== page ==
What you need to know:
- Teaching a baby sign language doesn’t mean they have a speech problem. Neither will it delay their development.
For young babies who cannot speak, crying is usually the mode of communication between them and their mothers.
But what if your eight or nine month old baby could actually tell you that she wants to suckle, or have his spoiled diaper changed or that she wants porridge instead of Weetabix without crying?
You may wonder how this is possible. According to child therapist Gloria Wandeto, it is possible to communicate with your baby by teaching him sign language from the infant age.
Babies grasp sign language from as early as six or seven months after birth.
“Babies are usually ready – physically and cognitively – to learn sign language and are able to sign back from around 7 months of age.”
Ann Mugure taught her daughter to communicate using sign language. “At first, I thought it was just a fun way of playing with her,” she says.
“Then I noticed that she used the simple signs to communicate back at me. She would wave to indicate ‘bye bye’, open her mouth to show that she needed more food when eating, or lift her arms to indicate that she wanted me to take her up. If I didn’t, she would immediately start crying.”
Ann’s daughter was 10 months old when she started learning sign language. However, some babies with developmental delay can take longer, but usually not past the 10-month age mark.
“Teaching your baby sign language makes it easier and possible to communicate months earlier than normal,” says Gloria. “It’s a fun way of bonding deeper with your baby.”
Pamela Awuor, a mother of two, began teaching her firstborn daughter sign language by showing her the sign ‘drink’.
She says that she had read somewhere that signs worked well with children and was just trying out.
“She didn’t seem to understand it and so I quit training her. Then after some weeks, she looked up at me in the house and put her thumb to her mouth, tilting up (the sign of drink). She began to cry when I failed to respond but once I gave her the milk-bottle, she stopped crying,” says Pamela, who is now training her 10-month-old son Paul.
Some mothers oppose use of sign language because to them, it is a learning script for those that have hearing or speech impairment.
There are also mothers who fear that they will delay their babies’ speech development and comprehension by teaching them how to use sign language.
But Gloria says that teaching a baby sign language doesn’t mean they have a speech problem. Neither will it delay their development.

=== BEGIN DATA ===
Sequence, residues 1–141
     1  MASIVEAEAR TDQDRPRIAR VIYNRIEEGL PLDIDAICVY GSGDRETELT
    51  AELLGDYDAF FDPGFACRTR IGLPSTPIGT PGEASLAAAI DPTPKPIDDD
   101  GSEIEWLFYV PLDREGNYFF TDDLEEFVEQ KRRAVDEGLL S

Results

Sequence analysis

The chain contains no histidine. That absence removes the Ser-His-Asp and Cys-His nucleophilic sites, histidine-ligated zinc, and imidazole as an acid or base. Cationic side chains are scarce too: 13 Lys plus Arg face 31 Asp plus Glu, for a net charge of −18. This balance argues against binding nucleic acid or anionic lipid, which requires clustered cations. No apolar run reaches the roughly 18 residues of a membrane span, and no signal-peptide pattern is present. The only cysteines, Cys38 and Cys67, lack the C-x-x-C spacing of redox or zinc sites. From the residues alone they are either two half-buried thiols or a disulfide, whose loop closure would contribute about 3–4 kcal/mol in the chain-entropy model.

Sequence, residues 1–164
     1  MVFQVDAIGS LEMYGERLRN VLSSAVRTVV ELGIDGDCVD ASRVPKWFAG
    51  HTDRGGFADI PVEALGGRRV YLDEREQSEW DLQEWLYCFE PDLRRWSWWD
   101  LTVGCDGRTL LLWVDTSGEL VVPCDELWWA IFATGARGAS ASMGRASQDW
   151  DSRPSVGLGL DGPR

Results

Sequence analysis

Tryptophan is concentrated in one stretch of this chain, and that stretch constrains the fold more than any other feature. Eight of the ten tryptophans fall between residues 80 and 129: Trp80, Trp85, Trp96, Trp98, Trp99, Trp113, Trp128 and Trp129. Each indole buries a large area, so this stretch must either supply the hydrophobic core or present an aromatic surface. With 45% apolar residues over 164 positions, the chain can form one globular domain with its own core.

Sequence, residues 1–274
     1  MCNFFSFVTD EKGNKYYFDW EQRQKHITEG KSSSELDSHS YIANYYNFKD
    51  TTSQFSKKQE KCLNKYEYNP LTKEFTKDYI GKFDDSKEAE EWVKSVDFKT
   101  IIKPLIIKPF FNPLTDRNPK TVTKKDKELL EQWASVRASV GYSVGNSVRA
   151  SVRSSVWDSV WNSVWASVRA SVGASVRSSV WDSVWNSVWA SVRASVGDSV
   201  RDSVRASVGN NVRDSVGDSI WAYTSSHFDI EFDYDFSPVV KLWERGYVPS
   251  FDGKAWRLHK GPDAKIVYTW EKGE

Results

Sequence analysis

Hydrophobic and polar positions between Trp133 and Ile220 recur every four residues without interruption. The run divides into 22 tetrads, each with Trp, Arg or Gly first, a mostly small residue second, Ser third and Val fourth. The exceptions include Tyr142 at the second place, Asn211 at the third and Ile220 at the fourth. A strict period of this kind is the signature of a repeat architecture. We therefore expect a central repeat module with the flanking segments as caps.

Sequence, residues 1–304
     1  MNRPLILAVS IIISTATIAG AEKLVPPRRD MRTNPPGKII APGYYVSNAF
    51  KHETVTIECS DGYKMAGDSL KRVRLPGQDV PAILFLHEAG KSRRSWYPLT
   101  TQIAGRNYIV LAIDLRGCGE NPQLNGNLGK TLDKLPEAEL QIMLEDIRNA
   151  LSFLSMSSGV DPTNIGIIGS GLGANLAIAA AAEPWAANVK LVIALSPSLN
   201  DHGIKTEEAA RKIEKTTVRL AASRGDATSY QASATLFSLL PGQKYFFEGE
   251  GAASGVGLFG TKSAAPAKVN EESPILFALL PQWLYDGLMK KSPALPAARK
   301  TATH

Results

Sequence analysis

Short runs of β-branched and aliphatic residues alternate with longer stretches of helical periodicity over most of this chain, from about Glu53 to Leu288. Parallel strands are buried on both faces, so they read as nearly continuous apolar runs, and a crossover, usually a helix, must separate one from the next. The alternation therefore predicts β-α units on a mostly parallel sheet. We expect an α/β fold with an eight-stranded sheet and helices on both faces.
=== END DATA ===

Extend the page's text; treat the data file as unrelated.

On the contrary, children who learn sign language are usually more verbally expressive at age two than those who don’t.
They also tend to have a higher IQ than those who have never learned sign language.
“Babies love to mimic and most of them actually learn – by themselves – how to wave and point long before they can say 'bye bye' or 'look at that!'" she says.
She adds that teaching your baby sign language should be woven into your daily routine. You can also learn it yourself as you teach your baby.
“Begin [with] simple, need-based and commonly-used words and phrases.” These include words such as diaper, milk, eat or even play.
How to do it
According to Gloria, when teaching your baby:
- Always pair your gestures with words. Remember, sign language should complement the development of the baby’s spoken words.
- Learn to praise and have an affirmative demeanour around your baby. By doing this, you’ll effectively transfer the excitement to your baby, making him or her even more enthusiastic about learning.
- Do not overload your baby with multiple signs. Stick to one set. Once your baby has learned to one sign, gradually move on to the next. “Start the learning process again until she grasps the new sign,” says Gloria. “But do not make the mistake of [not practising] the first sign, lest your baby forgets it. Use it frequently.” Similarly, use the sign every time you do the activity associated with it. For instance, you may show your baby the sign when doing the related activity such as feeding or changing diapers.
- Be flexible and accommodating. Once your baby begins to learn, they will at times invent their own signs to communicate with you. For instance, if the baby observes that when lifting her up she first lifts her arms upwards, she may make this a sign to indicate that she wants you to lift her. Be appreciative of this and respond to it positively.
Try these tips too:
Keep in mind that your baby will require patience before she can master sign language.
Resist the urge to force, and instead teach the baby at their own pace. “She/he will begin trying the signs herself after a few days. In some cases, [the baby] may take several weeks [to learn],” says Gloria.
She advises that you make the learning process as much fun as possible. “Your baby will be more likely to learn from the things [they] enjoys most.”
When teaching your baby how to communicate using sign language, always remember that any gesture that mimics the true meaning of the word will be more effective and easier for them to learn and adopt.
For instance, according to Gloria, some of the gestures you could use include:
- Food – if you want to talk about food to your child, put your fingertips to your lips. Repeat this as often as possible when talking about food to avoid creating confusion.
- All gone or I don’t have – in this gesture, you should move your hand, palm up, backward and forward.
- Scared – to show your baby that you are scared, continuously tap your chest.
- Hot – to show him or her that something is hot and dangerous, put your hand out and withdraw it quickly. You may consider including the term ‘phew’, to indicate how hot it is.
- Where? – to indicate or ask ‘where?’, shrug your shoulders continuously, with your palms held out.